"Yeah and then actually like does the whole bendy thing. It's so funny. Because even during that like she's trying. I give she was trying to make it sound like a beautiful ceremonial thing. But what she basically said was i was here. I bitch if you really listen if you really listen. 'cause she's like you know like in the been de represents this and you know i was the first wife in so i'm gonna go and bush shou on her a bendy so that now she can be a part of our. You know it was just very like okay ashley. Look with you do in here. She's the of life. So how's that playing at your power. Move yeah i could just feel the tension and uncomfortable from ashley this entire episode. Oh you would is laying on the couch and try to hold office happy tears. The shows are not happy. Here's whatever those or not. It was like in the middle of a sentence at geneva. Make sense for her to start crying. And i was like oh. She's struggling. she really is an i think. For whatever reason this episode we could see was thank you. We could see especially ashley and chris lean. They just appeared very drained. Like you could just see on their basin. They looked exhausted like they had been a struggle emotionally. Not and we see segments for a couple of episodes but this episode. It was rough. You could tell they've really rough. Yeah it was not good and then dmitri's just sitting there with his crazy is and like fake smile and his china act like everything's cool and he's got his top not going on. How love hat down. Yeah it was rough. It was rough. So that's it. I don't know if that's the last time we're going to see this note ends on our tv screen or if we're gonna ever get any updates about this potential court case situation. That's going on. But i just hope that they can't hurt anyone else because they've obviously hurt lots of other people in. I hope now it's out there enough to where people won't get involved with them. I would hope so but there are people who defend them so you never know. That's the scary thing is that is the scary thing that is very true. We have experienced that firsthand. i was like wow. I didn't realize there were people out. Here defending the snowden. But here we are. And i'll i'll say this last thing as we transition into fields if not l. c. can make.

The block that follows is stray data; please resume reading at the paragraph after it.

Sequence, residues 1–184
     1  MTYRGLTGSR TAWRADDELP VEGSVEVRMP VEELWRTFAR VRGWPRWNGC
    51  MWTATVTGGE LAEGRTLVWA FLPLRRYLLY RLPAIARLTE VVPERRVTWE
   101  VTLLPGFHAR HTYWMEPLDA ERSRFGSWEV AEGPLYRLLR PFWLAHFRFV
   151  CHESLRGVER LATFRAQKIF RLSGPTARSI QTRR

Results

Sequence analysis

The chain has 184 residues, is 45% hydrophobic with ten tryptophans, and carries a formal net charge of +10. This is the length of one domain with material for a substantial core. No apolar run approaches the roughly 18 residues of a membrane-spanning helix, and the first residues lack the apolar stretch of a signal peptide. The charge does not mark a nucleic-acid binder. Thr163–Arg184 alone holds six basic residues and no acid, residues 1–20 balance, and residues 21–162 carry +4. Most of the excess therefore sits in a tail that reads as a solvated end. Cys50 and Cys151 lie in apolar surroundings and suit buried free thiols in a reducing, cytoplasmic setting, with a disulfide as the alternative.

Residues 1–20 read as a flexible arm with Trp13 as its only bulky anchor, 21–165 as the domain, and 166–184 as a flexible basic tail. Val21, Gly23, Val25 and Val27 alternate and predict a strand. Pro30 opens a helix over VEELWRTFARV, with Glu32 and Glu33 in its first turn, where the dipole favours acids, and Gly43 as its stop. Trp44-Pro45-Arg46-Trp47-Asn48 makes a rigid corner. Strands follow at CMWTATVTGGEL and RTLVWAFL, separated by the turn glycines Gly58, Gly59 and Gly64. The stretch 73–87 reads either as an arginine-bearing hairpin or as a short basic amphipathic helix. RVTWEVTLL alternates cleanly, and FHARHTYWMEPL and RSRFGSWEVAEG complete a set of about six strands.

chris lean first wife ashley dmitri china couple of episodes geneva
"first nation" Discussed on Spill it, Sister! Reality TV recaps with Ally

Spill it, Sister! Reality TV recaps with Ally

03:32 min | 1 year ago

"first nation" Discussed on Spill it, Sister! Reality TV recaps with Ally